Friday, October 23, 2009

An Unlikely Trio: Harry Potter, House, and Mother Night

Here's a riddle for you on this lovely Friday morning:  What do Harry Potter, the TV show House, and Mother Night have in common?

Instead of simply providing an answer, I'll provide scenarios from each and then talk about the common thread through the scenarios.

First up is Harry Potter.

In J.K. Rowling's first book, Harry Potter and the Sorcerer's Stone, Harry goes through his first year at Hogwarts, a school for wizards.  On his first night at Hogwarts, all the first-year students have to go through a ceremony, in which the Sorting Hat is placed on each student's head; the Sorting Hat reads the student's character and then tells the student which of the four houses within the school he or she will belong to.  When the Sorting Hat is placed on Harry's head, it sees inherent qualities in Harry that would allow him to do well in Slitherin, the house that every bad wizard in the history of Hogwarts have belonged to ('bad' in the sense of 'evil').  Harry begs the hat to put him anywhere but Slitherin, and so he ends up in Gryffindor, a house whose wizards are known for courage.  In short, Harry chooses to not be a part of Slitherin.

Later on in the series, Harry worries about the fact that the Sorting Hat originally wanted to place him in Slitherin because he thought that meant he was a Slitherin simply posing as a Gryffindor.  His mentor (so to speak), Dumbledore, tells Harry that what he has on the inside doesn't define him; rather he is the sum of his choices.  And he chose Gryffindor.

Keep that in mind as I move on to the second part of the riddle: the TV show House.

House follows the main character, Dr. Gregory House (center character in the above picture), and his team as they diagnose difficult medical cases.  In one episode last season, a patient is brought in who is exhibiting signs of disinhibition.  In other words, he is saying anything that pops into his mind without being able to first monitor what he is about to say.  He sees a pretty girl and out pops, "I'd do her."  His wife asks him what he thinks of her job as an organizer for charities, and he replies, "Those who can't do organize events for those who can do."  He also tells his young daughter not to worry about not being too smart because her "mom isn't the brightest crayon in the box, either."  You get the idea.  A debate begins between House and his team as to who the man actually is: the man thinking the not-so-nice thoughts or the man choosing to suppress those thoughts.  House, being the cynic he is, argues that the man is a hypocrite because he is really the person thinking his typically inhibited thoughts but chooses to present a fake persona to the world.  One of his team members, Kutner (on the far right in the above picture), then brings up the Harry Potter example, saying that what we choose is who we are.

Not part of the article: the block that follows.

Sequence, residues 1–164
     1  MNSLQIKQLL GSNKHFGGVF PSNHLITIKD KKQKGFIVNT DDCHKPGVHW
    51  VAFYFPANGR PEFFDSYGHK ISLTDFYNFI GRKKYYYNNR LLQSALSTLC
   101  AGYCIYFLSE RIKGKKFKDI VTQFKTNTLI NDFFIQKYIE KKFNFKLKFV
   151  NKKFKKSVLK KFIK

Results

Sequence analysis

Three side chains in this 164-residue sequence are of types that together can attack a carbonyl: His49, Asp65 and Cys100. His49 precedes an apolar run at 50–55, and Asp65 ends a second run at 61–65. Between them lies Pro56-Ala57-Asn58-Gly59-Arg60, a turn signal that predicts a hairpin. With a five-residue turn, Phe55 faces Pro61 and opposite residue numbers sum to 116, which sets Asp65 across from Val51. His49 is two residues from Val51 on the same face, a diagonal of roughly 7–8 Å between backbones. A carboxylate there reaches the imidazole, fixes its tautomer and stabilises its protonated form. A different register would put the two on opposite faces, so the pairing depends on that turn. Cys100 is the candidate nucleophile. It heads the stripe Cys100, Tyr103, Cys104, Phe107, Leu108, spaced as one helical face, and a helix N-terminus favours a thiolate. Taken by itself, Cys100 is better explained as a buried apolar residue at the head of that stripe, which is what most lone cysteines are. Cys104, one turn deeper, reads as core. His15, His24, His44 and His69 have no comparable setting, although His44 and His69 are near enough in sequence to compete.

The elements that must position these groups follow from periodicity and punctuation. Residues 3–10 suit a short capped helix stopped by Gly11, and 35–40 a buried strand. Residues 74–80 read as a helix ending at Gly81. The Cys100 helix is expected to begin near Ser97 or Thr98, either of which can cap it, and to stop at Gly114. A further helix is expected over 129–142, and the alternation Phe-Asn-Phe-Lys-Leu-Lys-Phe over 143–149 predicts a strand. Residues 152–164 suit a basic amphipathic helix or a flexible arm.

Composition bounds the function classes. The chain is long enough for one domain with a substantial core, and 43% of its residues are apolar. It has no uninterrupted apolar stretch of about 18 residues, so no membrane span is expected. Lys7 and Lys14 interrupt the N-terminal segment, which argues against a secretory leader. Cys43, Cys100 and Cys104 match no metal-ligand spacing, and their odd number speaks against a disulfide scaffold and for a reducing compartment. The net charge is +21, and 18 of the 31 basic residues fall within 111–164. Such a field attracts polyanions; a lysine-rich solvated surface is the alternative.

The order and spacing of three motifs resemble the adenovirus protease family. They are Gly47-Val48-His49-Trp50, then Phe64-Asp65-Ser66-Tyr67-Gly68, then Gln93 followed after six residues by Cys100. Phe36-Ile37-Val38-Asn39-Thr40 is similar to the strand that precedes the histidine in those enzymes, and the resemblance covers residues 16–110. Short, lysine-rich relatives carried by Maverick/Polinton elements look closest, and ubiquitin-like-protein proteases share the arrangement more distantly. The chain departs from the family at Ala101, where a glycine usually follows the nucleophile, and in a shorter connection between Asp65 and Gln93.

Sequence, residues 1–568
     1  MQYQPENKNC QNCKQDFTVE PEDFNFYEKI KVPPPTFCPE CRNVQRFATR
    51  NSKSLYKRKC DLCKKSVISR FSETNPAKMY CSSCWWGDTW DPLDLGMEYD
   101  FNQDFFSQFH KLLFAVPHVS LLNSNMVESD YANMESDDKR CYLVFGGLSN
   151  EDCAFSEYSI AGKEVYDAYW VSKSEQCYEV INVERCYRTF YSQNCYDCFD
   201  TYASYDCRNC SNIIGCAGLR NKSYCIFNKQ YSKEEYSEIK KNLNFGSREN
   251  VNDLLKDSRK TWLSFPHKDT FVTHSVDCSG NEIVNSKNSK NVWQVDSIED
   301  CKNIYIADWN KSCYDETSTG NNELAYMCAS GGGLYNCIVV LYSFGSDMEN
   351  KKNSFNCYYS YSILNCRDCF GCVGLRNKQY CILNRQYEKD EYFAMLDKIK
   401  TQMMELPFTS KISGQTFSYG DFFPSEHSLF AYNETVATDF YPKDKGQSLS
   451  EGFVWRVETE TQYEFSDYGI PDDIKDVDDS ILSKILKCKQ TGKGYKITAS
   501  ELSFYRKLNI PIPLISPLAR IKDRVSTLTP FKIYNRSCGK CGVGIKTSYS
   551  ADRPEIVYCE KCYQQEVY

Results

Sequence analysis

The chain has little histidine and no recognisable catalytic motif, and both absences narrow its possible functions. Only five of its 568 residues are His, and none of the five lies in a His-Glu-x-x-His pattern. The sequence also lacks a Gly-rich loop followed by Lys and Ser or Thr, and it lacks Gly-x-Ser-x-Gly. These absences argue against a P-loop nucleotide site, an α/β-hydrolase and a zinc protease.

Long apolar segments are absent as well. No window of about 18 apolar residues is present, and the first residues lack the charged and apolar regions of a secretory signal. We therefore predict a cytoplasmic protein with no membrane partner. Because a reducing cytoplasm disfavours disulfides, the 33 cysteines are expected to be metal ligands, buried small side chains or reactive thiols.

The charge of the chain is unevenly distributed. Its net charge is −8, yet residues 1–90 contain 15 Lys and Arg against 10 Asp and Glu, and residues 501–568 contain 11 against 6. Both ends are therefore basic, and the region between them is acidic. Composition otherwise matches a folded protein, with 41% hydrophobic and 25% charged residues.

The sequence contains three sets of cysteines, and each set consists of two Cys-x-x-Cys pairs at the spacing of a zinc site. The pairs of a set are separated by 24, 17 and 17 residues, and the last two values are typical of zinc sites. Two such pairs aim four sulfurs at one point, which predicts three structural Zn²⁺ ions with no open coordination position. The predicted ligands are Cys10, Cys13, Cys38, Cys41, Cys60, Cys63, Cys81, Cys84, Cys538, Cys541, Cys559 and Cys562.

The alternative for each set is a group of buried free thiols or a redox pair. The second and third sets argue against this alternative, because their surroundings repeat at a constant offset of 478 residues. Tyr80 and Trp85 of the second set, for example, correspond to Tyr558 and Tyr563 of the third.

And, finally, comes the third part of the riddle:

In the preface to Mother Night, Kurt Vonnegut writes that this is his only book for which he can provide a moral.  The moral, he writes, is this:

We are who we pretend to be, so we must be careful about what we pretend to be.

Are you seeing the theme now?  The main character of Mother Night, Howard W. Campbell, Jr., is an American living in Berlin when World War II begins.  As a famous playwright in Germany (he writes his plays in German) who is married to a beautiful German actress, Campbell chooses to stay in Germany even as the war breaks out.  He becomes a spy for the Americans by sending out messages through radio broadcasts with secret signals in them (the signals are so secret that Campbell himself has no clue what information he is passing on); his radio broadcasts are pro-Nazi.  The world sees him as a Nazi because he is "pretending" to be a Nazi.  He questions his own motives for what he did during the war:

Those orders I carried out in Germany were ... ignorant and insane .... I knew it.  God help me, I carried out their instructions anyway.

Campbell lived his life hiding who he really thought he was; in the end, his true self was so hidden that even he wasn't sure who he was.  In my own words, the moral of Mother Night is this: If we don't actively choose who we are, someone else will choose for us; then, when they're finished with us, nothing will be left of us.

Putting all that information together leaves us with an answer to my original riddle: Harry Potter, House, and Mother Night explore the notion that our choices are what make us us, regardless of what we start with.

I can't quite end the post here even though I've answered the riddle I posed because there are other quotes I want to share from Mother Night that struck me:

We are never as modern, as far ahead of the past as we like to think we are.

History often goes hand-in-hand with sports.

All people are insane ... God help anybody who looks for reasons.